One month after surgery, the patient was asymptomatic, without signs of a surgical scar infection or incisional hernia. Four months after adrenalectomy, the general surgery team scheduled the next evaluation at 1-year post-operation, due to the patient’s positive recovery. In February 2019, the patient was evaluated in the endocrinology department and displayed normalised analytical parameters: cortisol 13.1 µg/dL (4.3–22.4 µg/dL) and DHEA-SO4 120 µg/dL (80–560 µg/dL). He is currently in follow up.
Oncocytic cells were first described in 1931 by H Hamperl as cells with eosinophilic and granular cytoplasm.9 Recent advances have allowed us to understand that these features were a result of numerous mitochondria.9 Oncocytic tumours arise frequently from the kidneys, representing 3–7% of all renal neoplasms,7 but are already found in thyroid, pituitary gland, salivary glands, parathyroid glands, respiratory and gastrointestinal tracts.2–4 Adrenal oncocytomas are extremely rare, with nearly 200 published cases since Kakimoto et al. reported the first case in 1986.5,6 The mechanisms for oncocytosis are not well understood and there are two theories: the first defends that mitochondria proliferation is a result of a genetic mutation and the second that it is a consequence of an epigenetic event resulting from cellular hypoxia.10,11
Adrenal oncocytoma can occur in a large age range (15–77 years), more frequently in women (2.5:1.0), in the left adrenal gland (3.5:1.0), without known risk factors.7,8,12 Frequently, an adrenal oncocytic neoplasm is discovered incidentally and is a rare entity to consider in the differential diagnosis of an adrenal incidentaloma. Differential diagnoses include cortical adenoma, pheochromocytoma, Cushing´s syndrome, adrenocortical carcinoma, granulomas, adrenal cyst, myelolipoma, ganglioneuroma and metastatic disease.7 Although it is, by definition, non-functioning, recent data indicate that 17.0–31.5% of adrenal oncocytomas have hormone production.12 In our case report, 1 mg overnight dexamethasone suppression test revealed probable autonomous cortisol secretion. Adrenal oncocytoma has been diagnosed in the context of Cushing’s Syndrome, pheochromocytoma, aldosteronoma, pseudoprecocious puberty and virilising symptoms in females.7,8,12 The exclusion of pheochromocytoma is particularly important in the diagnosis of adrenal oncocytoma as it affects pre- and post-operative procedures.7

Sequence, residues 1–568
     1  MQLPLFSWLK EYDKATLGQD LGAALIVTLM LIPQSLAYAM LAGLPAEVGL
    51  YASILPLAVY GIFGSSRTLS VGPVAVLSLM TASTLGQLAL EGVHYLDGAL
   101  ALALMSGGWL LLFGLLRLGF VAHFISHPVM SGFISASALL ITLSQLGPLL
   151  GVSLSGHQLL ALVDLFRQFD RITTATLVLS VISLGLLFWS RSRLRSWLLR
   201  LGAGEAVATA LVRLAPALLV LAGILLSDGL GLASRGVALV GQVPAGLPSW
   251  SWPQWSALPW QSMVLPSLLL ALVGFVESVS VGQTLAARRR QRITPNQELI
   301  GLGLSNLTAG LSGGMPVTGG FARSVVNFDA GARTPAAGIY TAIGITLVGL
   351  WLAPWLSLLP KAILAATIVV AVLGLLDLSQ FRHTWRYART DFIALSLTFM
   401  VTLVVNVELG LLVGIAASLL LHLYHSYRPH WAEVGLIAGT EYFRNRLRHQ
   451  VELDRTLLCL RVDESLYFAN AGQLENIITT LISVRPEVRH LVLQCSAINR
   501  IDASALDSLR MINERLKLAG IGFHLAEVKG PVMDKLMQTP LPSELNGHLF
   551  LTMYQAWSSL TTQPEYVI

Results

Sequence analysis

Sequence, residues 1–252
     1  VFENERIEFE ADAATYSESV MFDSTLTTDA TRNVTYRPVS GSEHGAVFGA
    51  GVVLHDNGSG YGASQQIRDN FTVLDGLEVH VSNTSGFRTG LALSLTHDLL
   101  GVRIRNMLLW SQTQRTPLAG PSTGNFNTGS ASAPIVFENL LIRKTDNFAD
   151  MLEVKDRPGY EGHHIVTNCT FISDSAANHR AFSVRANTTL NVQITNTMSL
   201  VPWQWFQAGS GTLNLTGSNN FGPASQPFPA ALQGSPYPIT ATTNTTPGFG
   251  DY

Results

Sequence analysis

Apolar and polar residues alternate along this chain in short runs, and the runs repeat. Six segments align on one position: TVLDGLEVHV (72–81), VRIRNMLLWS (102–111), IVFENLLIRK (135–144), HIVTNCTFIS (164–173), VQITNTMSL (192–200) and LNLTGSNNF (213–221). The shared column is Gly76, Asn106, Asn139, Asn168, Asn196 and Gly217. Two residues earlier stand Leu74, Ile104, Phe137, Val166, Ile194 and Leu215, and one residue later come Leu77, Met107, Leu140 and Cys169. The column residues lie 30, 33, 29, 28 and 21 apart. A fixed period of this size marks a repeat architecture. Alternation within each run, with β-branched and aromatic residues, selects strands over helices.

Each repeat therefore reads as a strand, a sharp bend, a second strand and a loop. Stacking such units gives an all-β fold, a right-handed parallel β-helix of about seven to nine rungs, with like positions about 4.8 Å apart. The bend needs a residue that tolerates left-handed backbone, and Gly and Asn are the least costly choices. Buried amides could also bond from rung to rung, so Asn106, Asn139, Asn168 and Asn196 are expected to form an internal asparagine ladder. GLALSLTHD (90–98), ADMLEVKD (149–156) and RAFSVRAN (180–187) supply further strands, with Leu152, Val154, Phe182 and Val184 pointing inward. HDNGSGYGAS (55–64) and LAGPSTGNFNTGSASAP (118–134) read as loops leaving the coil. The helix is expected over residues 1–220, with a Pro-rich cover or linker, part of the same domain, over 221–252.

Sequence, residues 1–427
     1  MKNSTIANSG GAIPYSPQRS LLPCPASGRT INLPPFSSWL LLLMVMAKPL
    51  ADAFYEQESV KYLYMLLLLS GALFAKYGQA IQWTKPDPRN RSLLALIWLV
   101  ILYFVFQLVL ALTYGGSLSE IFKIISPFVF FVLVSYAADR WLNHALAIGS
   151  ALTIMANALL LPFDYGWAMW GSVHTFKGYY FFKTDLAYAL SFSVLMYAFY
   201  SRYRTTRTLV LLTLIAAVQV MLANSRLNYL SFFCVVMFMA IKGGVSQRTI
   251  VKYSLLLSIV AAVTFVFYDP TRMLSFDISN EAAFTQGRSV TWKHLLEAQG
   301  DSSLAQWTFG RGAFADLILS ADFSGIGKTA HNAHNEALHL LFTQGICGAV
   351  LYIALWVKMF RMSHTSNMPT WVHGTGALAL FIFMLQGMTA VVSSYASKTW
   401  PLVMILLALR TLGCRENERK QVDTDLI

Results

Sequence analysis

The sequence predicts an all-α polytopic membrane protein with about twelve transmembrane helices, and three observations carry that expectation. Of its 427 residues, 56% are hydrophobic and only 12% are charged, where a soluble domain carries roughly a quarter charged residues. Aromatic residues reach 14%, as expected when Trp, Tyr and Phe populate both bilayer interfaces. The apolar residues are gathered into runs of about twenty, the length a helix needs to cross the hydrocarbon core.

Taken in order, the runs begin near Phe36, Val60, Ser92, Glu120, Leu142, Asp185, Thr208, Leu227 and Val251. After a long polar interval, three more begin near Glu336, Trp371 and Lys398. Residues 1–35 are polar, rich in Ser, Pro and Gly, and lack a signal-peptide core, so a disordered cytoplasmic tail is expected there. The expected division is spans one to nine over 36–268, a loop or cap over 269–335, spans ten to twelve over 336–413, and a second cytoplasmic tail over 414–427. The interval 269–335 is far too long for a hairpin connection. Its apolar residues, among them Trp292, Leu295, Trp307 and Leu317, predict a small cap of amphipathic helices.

Imaging methods (e.g. CT, MRI) lack diagnostic capacity for adrenal oncocytoma as it is difficult to differentiate it from a malignant lesion.7,8 Imaging features of adrenal oncocytoma include a size of generally >6 cm, lipid-poor, a higher attenuation on CT ranging from 20–40 HU, and malignant process features such as fibrous encapsulation or heterogeneous contrast enhancement.7 According to the latest guidelines, an adrenal incidentaloma of >4 cm and with more than 10 HU is likely malignant and surgery must be considered.13 Despite this fact, an adrenal oncocytoma is typically benign.7 Recent studies report a 22% incidence of malignant oncocytomas.7,12 The diagnosis depends on the pathological and histological examination of the operative piece. Macroscopically, adrenal oncocytoma appears round, encapsulated, with an average diameter of 8 cm, dark brown in colour with haemorrhage and necrosis areas. Histologically it is mainly composed of oncocytic cells.7,8